… es una perdida muy grande y un dolor muy grande para los venezolanos … tenemos es un luto activo y con tristesa pero en sana paz y con deseo que se respete el dolor que se esta pasando. Bueno Chávez deja un legado de seguir sus principios y trabajar por los pobres y eso es lo que hay que seguir haciendo … venezuela va para adelante CHAVEZ VIVIRA EN LOS CORAZONES PARA SIEMPRE!

Hugo Rafael Chávez Frías… ¡Presente!

BBC journalist Sarah Grainger on a Reality Tour to Venezuela

BBC journalist Sarah Grainger on a Reality Tour in Venezuela

Ever wonder what it would be like to go on a Global Exchange Reality Tour?

Here’s a birds-eye view, captured recently in this BBC video coverage of a Reality Tours trip to Venezuela:

BBC journalist Sarah Grainger also wrote about the experience in this BBC article, “Venezuela bids to beat bad image to win over tourists.

On a Global Exchange tour to Venezuela we meet with human rights activists, rural agricultural workers, labor unions, community activists, journalists, and government officials and opposition figures, to allow participants to see for themselves the unprecedented social change that is occurring at this historic time in Venezuela and the region.

Thanks to Sarah Grainger and the BBC crew for joining us on a Reality Tour to Venezuela, and sharing the experience with the rest of the world.


Visit our website to find out how YOU can join us on an upcoming Reality Tour to Venezuela.

In 2009, director Oliver Stone traveled to five South American countries to explore the social transformations that have been taking place in those countries. On that trip, Stone had conversations with Presidents Hugo Chávez of Venezuela, Evo Morales of Bolivia, Lula da Silva of Brazil, Cristina Kirchner of Argentina, her husband and former president Nėstor Kirchner, Fernando Lugo of Paraguay, Rafael Correa of Ecuador, and Raúl Castro of Cuba.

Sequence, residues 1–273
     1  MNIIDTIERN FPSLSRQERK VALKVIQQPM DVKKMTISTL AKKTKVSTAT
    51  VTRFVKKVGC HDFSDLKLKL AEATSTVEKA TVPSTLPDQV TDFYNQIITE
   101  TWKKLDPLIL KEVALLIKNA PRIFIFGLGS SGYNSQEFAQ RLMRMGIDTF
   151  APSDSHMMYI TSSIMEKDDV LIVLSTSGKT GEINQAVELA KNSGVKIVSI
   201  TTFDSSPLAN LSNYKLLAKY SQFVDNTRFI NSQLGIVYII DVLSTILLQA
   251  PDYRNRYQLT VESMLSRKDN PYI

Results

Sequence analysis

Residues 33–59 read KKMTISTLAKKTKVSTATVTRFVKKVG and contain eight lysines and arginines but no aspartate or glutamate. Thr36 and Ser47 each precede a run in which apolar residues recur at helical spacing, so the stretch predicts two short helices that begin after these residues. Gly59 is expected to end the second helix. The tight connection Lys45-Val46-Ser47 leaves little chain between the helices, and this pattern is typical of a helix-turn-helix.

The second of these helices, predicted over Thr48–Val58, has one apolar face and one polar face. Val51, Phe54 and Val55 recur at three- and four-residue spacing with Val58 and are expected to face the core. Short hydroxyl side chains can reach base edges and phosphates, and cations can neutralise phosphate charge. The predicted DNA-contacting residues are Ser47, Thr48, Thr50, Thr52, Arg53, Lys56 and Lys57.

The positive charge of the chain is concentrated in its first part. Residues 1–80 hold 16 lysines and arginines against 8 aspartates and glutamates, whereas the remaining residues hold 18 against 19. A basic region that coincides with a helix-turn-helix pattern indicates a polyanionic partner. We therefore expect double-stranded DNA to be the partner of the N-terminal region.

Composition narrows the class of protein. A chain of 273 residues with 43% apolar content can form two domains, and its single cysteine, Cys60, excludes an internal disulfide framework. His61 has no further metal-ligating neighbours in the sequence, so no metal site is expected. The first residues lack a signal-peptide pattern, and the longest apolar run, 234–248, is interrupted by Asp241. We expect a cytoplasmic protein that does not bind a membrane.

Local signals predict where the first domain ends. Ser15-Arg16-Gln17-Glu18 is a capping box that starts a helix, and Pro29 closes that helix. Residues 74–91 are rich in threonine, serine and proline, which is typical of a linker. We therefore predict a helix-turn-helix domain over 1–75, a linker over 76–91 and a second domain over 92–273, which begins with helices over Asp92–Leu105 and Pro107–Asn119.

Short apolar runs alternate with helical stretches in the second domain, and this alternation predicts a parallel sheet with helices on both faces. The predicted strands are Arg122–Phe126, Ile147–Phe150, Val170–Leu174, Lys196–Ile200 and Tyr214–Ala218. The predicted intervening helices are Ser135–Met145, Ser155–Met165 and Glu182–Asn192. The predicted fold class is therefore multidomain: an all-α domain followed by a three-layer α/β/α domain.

In his latest film, South of the Border, Oliver Stone explores those conversations and reveals a revolution in South America that most of the world does not know about.

In casual conversations with seven sitting presidents, Stone gains unprecedented access to and sheds new light upon the exciting transformations in the region.  Mr. Stone was most struck by the extent to which the presidents are committed to determining the future of their own nations without undue outside influence and control.

I saw a screening of this film last week and highly recommend it. It highlights the often skewed representations of these countries by mainstream US media and attempts to shed light on the political and social movements taking place in South America that often go unnoticed amongst the general American public.

A big focus of the film is that of Venezuelan president, Hugo Chávez and the changes taking place in the country. Global Exchange has had a strong Reality Tours program in Venezuela for many years and has brought people together to learn more about the progressive model of socioeconomic development that has been shaping Latin America’s future. This is done by meeting with the grassroots that is really helping to shape and build the foundation for these changes. Find out more about our Venezuela delegations.

See the story of Venezuela and Latin America unfold on the big screen. The film is showing in several cities nationwide and is opening in more cities in the coming weeks. To our Bay Area friends, be sure to head to the theatres this weekend for its opening and see the provocative film that everyone is talking about.

South of the Border Channel on YouTube.